This November sees the 55th anniversary of the Oulipo, or Ouvroir de Littérature Potentielle, or Workshop of Potential Literature. (Or the 5,500th anniversary, Oulipianly speaking – one standard year being equivalent to an Oulipian century.) The University Library recently received the catalogue for an exhibition held last winter at the Bibliothèque nationale celebrating the work of this group (2015.10.1106). The Oulipo is an association of writers concerned with the exploration of linguistic and combinatorial constraints in literature, and the seemingly paradoxical freedoms that can come from writing within them. Its members are, in the words of their co-founder, the novelist and mathematician Raymond Queneau, ‘rats who construct the labyrinth from which they propose to escape.’
Inaugurated in Paris by Queneau and François Le Lionnais, the Oulipo’s original purpose was to study existing literary works ‘in order to find possibilities that often exceed those their authors had anticipated.’ There was also the ‘question of developing new possibilities unknown to our predecessors.’ Restricted forms including the sonnet and the lipogram were among the first to undergo investigation, while the second line of enquiry engendered such celebrated techniques as the S+7 method (where one replaces each noun in a chosen text with the seventh noun following it in a selected dictionary – equally applicable to other parts of speech and other ordinals) and, more recently, exercises like the Métro poem. (One uses the time travelling between Métro stops to compose a line of poetry in one’s head, and the few seconds at the station to write it down. Strictly no writing while in motion or composing while stationary. No revisions allowed following completion of journey.) In its early days members would bring to the Oulipo’s meetings examples of past or newly minted constraints and discuss their merits and potential for generating further texts. Since these meetings commonly took the form of extended drunken lunches with argumentative participants wearing inappropriate hats, progress was sometimes faltering, but usually constructive, and always entertaining.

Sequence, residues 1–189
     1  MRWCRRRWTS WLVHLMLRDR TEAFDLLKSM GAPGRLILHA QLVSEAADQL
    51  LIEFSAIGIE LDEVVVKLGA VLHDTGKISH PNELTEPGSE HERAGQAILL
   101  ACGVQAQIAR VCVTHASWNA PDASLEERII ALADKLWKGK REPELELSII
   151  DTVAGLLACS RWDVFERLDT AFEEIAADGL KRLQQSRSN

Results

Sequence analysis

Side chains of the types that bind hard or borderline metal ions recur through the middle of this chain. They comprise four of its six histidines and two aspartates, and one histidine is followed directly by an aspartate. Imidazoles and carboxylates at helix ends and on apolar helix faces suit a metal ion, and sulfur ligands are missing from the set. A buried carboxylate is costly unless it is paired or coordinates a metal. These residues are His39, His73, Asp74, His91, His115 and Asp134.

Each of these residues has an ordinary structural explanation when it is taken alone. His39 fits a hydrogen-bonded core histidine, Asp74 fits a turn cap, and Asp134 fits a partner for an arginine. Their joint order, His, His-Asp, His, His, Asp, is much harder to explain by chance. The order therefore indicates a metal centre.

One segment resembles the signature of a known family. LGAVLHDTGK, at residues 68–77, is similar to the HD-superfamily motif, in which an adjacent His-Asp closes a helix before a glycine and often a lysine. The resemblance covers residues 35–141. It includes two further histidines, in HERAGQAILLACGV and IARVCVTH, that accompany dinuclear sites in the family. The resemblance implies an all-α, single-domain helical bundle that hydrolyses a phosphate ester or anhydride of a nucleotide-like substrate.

The proceedings of meetings from the initial years are collected in Jacques Bens’s OuLiPo: 1960-1963 (700:1.d.95.307), and examples of the group’s work up to 1973 are gathered in Littérature potentielle-créations, re-créations, récréations (9700.d.4168). For many years the Oulipo has produced monthly publications of its work, limited on release to 150 copies, but which are now reaching a wider audience via the ongoing Bibliothèque Oulipienne series (735:01.c.13.1-9). The Atlas de littérature potentielle (700:1.d.95.234) and the Anthologie de l’OuLiPo (C202.d.5103) serve as useful introductions. For Oulipian material in English, the Oulipo Compendium (9006.c.9880) is particularly informative. Warren F. Motte, Jr.’s Oulipo: a primer of potential literature (735:43.c.95.332) reproduces many of the group’s theoretical texts. Many Subtle Channels, by Daniel Levin Becker (701:15.c.201.344), is a comprehensive yet resolutely uncomplicated guide to the Oulipo.
Along with Queneau, undoubtedly the most famous Oulipians (and also those best known to Anglophone readers) are the authors Georges Perec and Italo Calvino. Over time the group has also co-opted, among others, the writer Jacques Roubaud; François Caradec, the biographer of Oulipian influences Alphonse Allais and Raymond Roussel; Harry Mathews, whose ‘35 Variations on a Theme from Shakespeare’ (in the Oulipo Compendium) illustrates humorously and succinctly many Oulipian constraints; and Anne F. Garréta, whose Oulipian novel Sphinx (9004.d.3614) has recently appeared in an English translation.
In recent years debate has increased over whether the Oulipo is coming to the end of its own potential. Scott Esposito and Lauren Elkin, for instance, in their The end of Oulipo? (C207.c.5901), wonder if the group has exhausted its relevance. In fact, the Oulipo has always kept a close watch over its purpose and direction. At its inception the Ouvroir engaged in a lively discussion about what was meant by ‘Potentielle’, which by 1962 had moved on to finding a satisfactory definition of ‘Littérature’. In 1970 Le Lionnais distributed a questionnaire asking members whether and in what form the Oulipo should continue (for some excellent responses see Levin Becker, p. 208) and in 2001 a meeting was convened at which the Oulipo’s status as a ‘literary group’ and the primacy in its work of methods of constraint were debated. It would seem, happily, that these positions were resolved favourably, and have continued to evolve.
Roubaud’s later description of the Oulipo as an organisation aiming ‘to invent (or reinvent) restrictions of a formal nature and propose them to enthusiasts interested in composing literature’ neatly characterises the Oulipo of today: a group which gives a season of monthly public readings at the Bibliothèque nationale each year (the ‘Jeudis’), and organises workshops in writing within Oulipian constraints. Caradec, whose attitudes oscillated between those of the founders and the younger set, complained that these activities were turning the Oulipo from a ‘societé de littérature’ into a ‘societé de spectacle’. Roubaud identifies two strands in the group’s work which he calls ‘Oulipo ‘ard’ and ‘Oulipo-lite’, the latter referring to the kind of productions which lend themselves to performance and entertainment, such as the Métro poems. However, it remains unclear why or whether the distinction matters: after all in times past, long before the Oulipo existed, literature was written almost exclusively for recitation or staging, that is, performance. The group reflects and honours the intentions of its forebears just as much through these means as by writing or publication.
Betty & Gordon Moore Library